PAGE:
Very flat and large fields here. Definitely would not want to be caught with one rolling in your direction. We realise that these won't fit many operations but have had more interest than we figured. The idea came just to serve our personal needs. The main push was aggravations with current Balers due to conditions we run in, downtime, missed knots, depreciation, and continued trades as machine prices increase every year. Our main goal is to produce a long life with high tonage production keeping cost per ton equal to or less than current methods.
I like this idea for the most part. Our grass meadows and wintering areas are all contiguous here with no public roads dissecting it. I use 4x4 x 8.5 squares now with an accumulator. Everything gets moved into position in rows with a stackmover and fed to beef cows with another modified stackmover in the winter. It’s sort of a bale grazing principal with more feed being set out every two to four days.
For most of my life we used a Hesston 60A stacker in a similar manner. When unloading for feeding in the winter I just drove forward faster than the unloading chains to stretch the stack to about double it’s length and half of its height. You had to load the stack from what was it’s rear end to accomplish this.
There is a little less waste with the large squares because they really only feed from the ends and can’t get on top of them so well. I’m not fond of dealing with routine twine and knotter issues though and do miss the care free days stacking.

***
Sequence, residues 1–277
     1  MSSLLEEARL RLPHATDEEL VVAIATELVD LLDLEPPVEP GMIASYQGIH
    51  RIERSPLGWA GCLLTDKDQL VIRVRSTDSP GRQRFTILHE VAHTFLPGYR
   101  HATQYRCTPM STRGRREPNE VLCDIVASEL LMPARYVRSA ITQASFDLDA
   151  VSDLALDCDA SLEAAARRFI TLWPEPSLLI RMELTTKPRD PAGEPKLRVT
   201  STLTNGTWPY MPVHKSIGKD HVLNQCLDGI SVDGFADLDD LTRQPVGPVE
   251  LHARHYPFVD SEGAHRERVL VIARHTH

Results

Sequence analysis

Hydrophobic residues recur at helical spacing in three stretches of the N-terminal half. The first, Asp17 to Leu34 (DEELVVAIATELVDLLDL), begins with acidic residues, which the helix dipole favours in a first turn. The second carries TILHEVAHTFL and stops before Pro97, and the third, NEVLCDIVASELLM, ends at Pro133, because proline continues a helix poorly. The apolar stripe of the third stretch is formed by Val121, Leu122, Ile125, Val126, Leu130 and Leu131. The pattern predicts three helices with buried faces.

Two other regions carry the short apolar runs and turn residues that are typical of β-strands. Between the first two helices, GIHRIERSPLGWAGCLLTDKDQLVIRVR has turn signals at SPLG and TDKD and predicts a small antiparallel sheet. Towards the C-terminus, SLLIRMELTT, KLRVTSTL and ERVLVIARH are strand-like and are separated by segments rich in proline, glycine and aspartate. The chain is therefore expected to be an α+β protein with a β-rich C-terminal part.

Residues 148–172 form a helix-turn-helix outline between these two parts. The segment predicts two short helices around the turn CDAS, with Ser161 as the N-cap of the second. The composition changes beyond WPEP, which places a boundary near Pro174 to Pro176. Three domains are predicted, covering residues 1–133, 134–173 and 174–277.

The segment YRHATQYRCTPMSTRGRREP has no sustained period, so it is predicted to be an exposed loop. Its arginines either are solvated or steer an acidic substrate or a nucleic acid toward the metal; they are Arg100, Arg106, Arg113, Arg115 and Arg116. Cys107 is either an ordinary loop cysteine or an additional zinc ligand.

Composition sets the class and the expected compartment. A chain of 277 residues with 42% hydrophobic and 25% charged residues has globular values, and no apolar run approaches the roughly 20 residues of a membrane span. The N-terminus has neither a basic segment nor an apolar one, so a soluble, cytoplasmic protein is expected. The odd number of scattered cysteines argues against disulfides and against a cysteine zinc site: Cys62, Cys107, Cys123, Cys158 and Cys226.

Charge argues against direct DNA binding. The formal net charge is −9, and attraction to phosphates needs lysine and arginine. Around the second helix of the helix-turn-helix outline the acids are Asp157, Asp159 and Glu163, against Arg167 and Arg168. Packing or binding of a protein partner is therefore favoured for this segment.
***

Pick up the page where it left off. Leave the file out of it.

I’ve thought of trying to build a giant round unit based on the old roller design because there is no shortage of used pipeline scrap around here, but it’s too big of a project for a one of a kind experiment.
If I had one of your balers I would get a stackmover that would load three bales end to end and place them near the yard in long rows at least three bales wide. If they would stay mostly together without twine I wouldn’t even use it. They would likely end up 7 feet high and 11 feet wide.
My only concern would be eye irritation in the cattle when there is hay above their heads. That will certainly occur feeding stacks left at full height such as with an electric wire. It would be interesting to see how a giant round bale would graze down.
As I recall our old Haybuster from the 1960’s made mighty nice round stacks for grazing that were 16 & 18 foot diameter with vertical walls that would stand up until the bitter end. Maybe that’s how these big bales should be set out, but I suspect that setting the field side down would be the better way.